Not a day went by without encountering the common residents of the river’s edge: Red-Winged Blackbirds, Black-Capped Chickadees and Northern Flickers, and, regrettably, the invasive European Starling. On the flip side, I never met the pervasive, non-native and, quite frankly, musically-challenged House Sparrow while visiting any of my sites. Several times, I spotted a nest of the Common Yellowthroat, a warbler who travels all the way from Mexico to reproduce, just to realize that the nestling inside was a fast-growing parasite: the Brown-headed Cowbird. And, through it all, the Black-Billed Magpie was my constant companion.
Always aware that I was sharing the terrain with a much larger and wilder animal than myself—the moose—I still made conscientious circles and hatch marks on my data sheet for five hours at a stretch. By season’s end, I had logged an impressive 115 bird species, about 46 percent of the approximately 250 species of breeding birds Montana hosts each year.
The data I collected is part of a collaborative project between Montana Audubon, Madison Valley Ranchlands Group, Bozeman’s own Sacajawea Audubon Society, Rio Tinto-BirdLife International, and Luzenac America. This avian inventory was designed to help assess the riparian and lake habitats in the Madison Valley for the purpose of biodiversity conservation. The two-year study is now complete and a formal proposal for designating the Madison River as an Important Bird Area is underway.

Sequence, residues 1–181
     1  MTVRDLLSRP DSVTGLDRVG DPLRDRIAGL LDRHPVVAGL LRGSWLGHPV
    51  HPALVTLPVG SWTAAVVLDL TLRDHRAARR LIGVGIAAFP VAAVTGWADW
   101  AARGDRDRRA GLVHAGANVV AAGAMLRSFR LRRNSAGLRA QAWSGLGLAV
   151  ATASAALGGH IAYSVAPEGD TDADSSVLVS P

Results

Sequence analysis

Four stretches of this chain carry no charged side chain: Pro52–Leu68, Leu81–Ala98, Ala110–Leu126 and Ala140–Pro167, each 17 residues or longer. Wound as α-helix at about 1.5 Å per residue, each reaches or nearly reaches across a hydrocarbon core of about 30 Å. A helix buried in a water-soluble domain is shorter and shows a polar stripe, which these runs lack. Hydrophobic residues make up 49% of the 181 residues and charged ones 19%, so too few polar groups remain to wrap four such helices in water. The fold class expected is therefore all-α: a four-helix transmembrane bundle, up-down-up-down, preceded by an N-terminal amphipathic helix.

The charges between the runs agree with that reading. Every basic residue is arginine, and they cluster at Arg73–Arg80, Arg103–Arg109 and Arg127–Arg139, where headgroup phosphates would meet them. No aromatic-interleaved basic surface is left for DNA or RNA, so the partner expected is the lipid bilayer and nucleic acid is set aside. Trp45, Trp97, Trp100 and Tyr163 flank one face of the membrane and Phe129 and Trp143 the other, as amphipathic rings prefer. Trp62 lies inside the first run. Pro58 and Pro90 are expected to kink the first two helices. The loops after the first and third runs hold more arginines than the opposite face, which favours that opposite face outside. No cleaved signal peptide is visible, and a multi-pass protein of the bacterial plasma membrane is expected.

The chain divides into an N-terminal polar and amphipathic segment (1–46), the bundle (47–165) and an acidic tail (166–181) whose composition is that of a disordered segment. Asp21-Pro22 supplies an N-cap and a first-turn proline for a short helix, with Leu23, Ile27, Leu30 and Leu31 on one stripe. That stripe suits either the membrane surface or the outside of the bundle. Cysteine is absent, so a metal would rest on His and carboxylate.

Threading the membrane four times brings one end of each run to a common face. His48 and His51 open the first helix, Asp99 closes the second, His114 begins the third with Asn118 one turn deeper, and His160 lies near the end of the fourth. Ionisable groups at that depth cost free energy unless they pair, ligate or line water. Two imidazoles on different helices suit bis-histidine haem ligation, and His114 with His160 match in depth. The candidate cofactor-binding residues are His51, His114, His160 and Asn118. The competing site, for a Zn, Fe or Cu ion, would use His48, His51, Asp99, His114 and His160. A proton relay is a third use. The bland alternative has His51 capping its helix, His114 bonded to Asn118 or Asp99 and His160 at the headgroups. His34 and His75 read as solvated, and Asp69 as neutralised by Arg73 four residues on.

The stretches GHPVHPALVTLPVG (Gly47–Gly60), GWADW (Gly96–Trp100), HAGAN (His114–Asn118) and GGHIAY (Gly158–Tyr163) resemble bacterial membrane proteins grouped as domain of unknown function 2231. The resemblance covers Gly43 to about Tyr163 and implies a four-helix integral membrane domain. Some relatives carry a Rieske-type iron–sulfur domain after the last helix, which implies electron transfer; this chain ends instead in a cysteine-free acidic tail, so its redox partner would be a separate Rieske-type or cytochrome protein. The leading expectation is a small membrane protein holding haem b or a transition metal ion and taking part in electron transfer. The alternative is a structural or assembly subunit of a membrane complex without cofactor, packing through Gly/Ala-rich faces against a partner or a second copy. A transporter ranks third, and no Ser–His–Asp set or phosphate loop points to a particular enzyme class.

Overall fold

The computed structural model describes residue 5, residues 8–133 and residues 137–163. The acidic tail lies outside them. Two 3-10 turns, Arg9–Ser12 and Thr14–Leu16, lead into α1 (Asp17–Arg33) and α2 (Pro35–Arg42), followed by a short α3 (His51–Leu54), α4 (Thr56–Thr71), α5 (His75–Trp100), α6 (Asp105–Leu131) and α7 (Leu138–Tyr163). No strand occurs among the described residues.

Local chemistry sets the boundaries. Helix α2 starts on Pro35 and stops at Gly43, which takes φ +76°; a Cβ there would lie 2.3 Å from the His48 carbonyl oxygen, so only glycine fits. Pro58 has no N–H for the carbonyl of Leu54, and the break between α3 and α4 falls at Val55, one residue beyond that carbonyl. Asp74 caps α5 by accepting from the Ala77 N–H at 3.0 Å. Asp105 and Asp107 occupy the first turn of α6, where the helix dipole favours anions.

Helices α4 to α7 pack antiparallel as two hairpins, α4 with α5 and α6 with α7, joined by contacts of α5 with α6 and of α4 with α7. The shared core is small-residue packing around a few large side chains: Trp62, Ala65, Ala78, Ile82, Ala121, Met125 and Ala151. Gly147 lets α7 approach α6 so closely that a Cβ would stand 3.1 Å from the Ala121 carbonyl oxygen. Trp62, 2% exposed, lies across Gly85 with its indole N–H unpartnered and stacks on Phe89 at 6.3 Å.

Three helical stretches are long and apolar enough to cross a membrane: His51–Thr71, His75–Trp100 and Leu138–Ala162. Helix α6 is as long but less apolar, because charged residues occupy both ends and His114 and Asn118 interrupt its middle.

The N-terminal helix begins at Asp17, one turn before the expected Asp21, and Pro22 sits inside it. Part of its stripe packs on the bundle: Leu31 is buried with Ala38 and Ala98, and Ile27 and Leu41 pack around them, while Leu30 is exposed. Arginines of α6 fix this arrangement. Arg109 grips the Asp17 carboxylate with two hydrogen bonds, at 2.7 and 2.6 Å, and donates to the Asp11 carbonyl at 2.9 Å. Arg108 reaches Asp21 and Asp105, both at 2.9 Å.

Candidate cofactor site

What the future holds for the birds of the Madison I do not know, but I can say birding there was one helluva a way to spend the summer.
One of the best things about birding is that you can do it almost anywhere. But not all places are created equal, in a bird’s-eye view. Luckily, Montana Audubon and Sacajawea Audubon Society has published a nifty pocket-sized guide, Birding Hotspots of the Gallatin Valley by John E. Parker, to help you focus your next bird search.
Parker describes 11 of the best birding spots within an hour from downtown—and gives you easy-to-follow directions to get there. Better yet, he highlights the species you’re likely to find at each spot. Interested in warblers and other migrants? Check out our friendly neighborhood Lindley Park or Sourdough Nature Trail. Prefer the open country? Cruise Three Forks’ Old Town Road in search of Sage Thrashers and Brewer’s Sparrows.
The coolest feature of Birding Hotspots is that it includes a checklist of all the bird species of the Bozeman area, including a fat side note on rare “accidentals.” Listing the status, seasons of occurrence, and relative abundance of almost 250 species, this inexpensive guide is a must-have companion to your field guide.
To get your copy of the Birding Hotspots of the Gallatin Valley, send a $1 check or money order and a SASE to Sacajawea Audubon Society, P.O. 1711, Bozeman, MT 59771-1711. For more information about other birding resources, meetings, events, and educational efforts, check out sacajaweaaudubon.org.